Common misunderstandings about world hunger should be dispelled quickly. First, world hunger is not the result of insufficient food production. There is enough food in the world to feed 120% of the world's population on a vegetarian diet, although probably not enough to feed the world on the diet of Core countries. Even in countries where people are starving, there is either more than enough food for everyone, or the capacity to produce it, as we shall see. Second, famine is not the most common reason for hunger. While famines, such as those in the past two decades in Ethiopia, Sudan, Soma lia, and Chad received, by far, the most press coverage, endemic hunger, that is simple daily insufficiencies in food, is far more common than the more widely publicized famine. Third, famine today is rarely caused by food insufficiency. When hundreds of thousands starved to death in Bangladesh in 1974, it was not because of lack of food; there was, in fact, more food than there had been in the years leading up to the disaster, and more food than was produced in the years following. The starvation resulte d from massive unemployment brought on by flooded farmland and high food prices brought on by a fear of food shortages. People starved to death because they couldn't afford to buy food and had no land to grow their own. Finally, hunger is not caused by ov erpopulation. While growing populations may require more food, there is no evidence that the food could not be produced and delivered if people had the means to pay for it. This does not mean that population and food availability plays no role in world hu nger, only that the relationship is far more complex than it appears.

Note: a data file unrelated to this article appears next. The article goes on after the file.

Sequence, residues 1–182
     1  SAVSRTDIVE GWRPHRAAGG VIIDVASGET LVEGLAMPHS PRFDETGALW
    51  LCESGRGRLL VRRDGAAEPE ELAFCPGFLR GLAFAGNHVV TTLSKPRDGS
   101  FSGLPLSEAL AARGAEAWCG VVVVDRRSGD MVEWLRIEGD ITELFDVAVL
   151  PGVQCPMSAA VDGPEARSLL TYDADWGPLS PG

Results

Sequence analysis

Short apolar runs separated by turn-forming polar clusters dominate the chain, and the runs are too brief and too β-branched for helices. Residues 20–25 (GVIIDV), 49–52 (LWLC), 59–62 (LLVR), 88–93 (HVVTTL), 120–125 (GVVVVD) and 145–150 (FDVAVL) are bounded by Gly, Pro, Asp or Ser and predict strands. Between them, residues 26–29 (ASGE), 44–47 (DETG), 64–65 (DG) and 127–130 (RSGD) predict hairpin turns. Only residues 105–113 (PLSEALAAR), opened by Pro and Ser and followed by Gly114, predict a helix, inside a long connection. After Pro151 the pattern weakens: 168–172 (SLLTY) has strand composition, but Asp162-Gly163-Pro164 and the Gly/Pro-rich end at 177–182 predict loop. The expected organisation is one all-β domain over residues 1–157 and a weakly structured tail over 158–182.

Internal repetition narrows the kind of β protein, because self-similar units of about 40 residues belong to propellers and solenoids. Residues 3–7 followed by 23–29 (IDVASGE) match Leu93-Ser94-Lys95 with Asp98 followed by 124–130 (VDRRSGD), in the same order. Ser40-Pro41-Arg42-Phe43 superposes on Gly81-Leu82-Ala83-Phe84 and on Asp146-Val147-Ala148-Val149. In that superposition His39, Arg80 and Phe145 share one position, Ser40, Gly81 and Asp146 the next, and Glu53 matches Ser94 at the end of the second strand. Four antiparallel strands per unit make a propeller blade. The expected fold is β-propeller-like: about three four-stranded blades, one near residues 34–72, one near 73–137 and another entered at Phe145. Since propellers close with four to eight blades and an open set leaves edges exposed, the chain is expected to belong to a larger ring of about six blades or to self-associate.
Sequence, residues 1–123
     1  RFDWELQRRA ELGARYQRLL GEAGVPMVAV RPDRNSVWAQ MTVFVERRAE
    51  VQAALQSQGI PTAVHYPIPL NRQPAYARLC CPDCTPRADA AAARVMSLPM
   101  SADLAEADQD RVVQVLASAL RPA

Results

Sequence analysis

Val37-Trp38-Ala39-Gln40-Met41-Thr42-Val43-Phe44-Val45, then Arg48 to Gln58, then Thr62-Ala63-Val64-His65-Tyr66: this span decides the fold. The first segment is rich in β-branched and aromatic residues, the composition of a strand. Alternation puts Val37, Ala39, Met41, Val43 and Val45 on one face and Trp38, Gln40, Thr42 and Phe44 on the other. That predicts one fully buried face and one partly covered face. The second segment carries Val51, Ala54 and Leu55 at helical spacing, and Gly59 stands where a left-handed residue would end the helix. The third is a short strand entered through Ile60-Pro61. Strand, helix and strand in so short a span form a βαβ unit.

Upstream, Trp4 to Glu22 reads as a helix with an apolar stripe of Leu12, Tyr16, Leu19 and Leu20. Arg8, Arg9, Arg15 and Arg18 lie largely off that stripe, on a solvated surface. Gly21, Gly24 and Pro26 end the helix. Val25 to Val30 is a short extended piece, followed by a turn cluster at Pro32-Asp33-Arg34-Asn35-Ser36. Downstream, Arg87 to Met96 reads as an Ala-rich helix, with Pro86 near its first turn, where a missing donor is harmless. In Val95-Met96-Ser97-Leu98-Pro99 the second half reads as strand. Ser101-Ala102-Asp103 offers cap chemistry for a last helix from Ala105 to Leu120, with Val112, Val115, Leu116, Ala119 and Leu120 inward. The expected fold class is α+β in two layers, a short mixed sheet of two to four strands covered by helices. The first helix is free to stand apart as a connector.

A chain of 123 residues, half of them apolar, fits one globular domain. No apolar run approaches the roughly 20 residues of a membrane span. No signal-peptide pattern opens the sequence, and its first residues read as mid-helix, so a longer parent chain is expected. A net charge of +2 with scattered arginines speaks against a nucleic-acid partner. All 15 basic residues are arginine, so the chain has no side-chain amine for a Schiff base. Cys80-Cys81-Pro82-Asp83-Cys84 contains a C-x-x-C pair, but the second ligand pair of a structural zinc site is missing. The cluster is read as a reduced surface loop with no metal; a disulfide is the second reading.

The questions then that we need to ask are why are people continuing to starve to death in the midst of plenty? More importantly, is it any longer possible to believe that pover ty and hunger can be eliminated, and, if so, how?

To answer these questions we need to know, first, about the nature and history of food production; how might the way we produce food either prohibit or promotes hunger? Second, we need to understan d the reasons why people are hungy. As we'll see, the image that we get from the media can be very misleading. Finally, there is a prevailing view that hunger is inevitable. As we'll see, that need not be the case; we'll examine some solutions to world hu nger, and how specific countries, some rich and some poor, have ensured that people have adequate food and quality of life.

HUNGER AND POVERTY READINGS:

Hunger Poverty, and Economic Development

Book chapters

The Enigma of Kerela

http://www.utne.com/lens/cs/15cs kerala.html

The Globalization of Famine

http://www.ecodec.org/18a/chosm18a.htm

 

DISCUSSIONS:

 

HUNGER PAPER GUIDELINES

 

SUGGESTED READINGS ON POVERTY AND HUNGER:

Drze, Jean and Amartya Sen, (1989 ) Hunger and Public Action. Ox ford: Clarendon Press

Kennedy, Paul, (1993 )Preparing for the Twenty-First Century. New York: Random House

Newman, Lucile F. , Edited (1990 ) Hunger in History. Oxford: Basil Blackwell

Rich, Bruce, (1994) Mortgaging The Earth. New York: Beacon

Scheper-Hughes, Nancy, (1992) Death Without Weeping: The Violence of Everyday Life in Brazil. Berkeley: University of California Press

Schusky, Ernest L., (1989) Culture and Agriculture: An Ecological Introduction to Traditio nal and Modern Farming Systems. New York: Bergin & Garvey Publishers

 

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Richard H. Robbins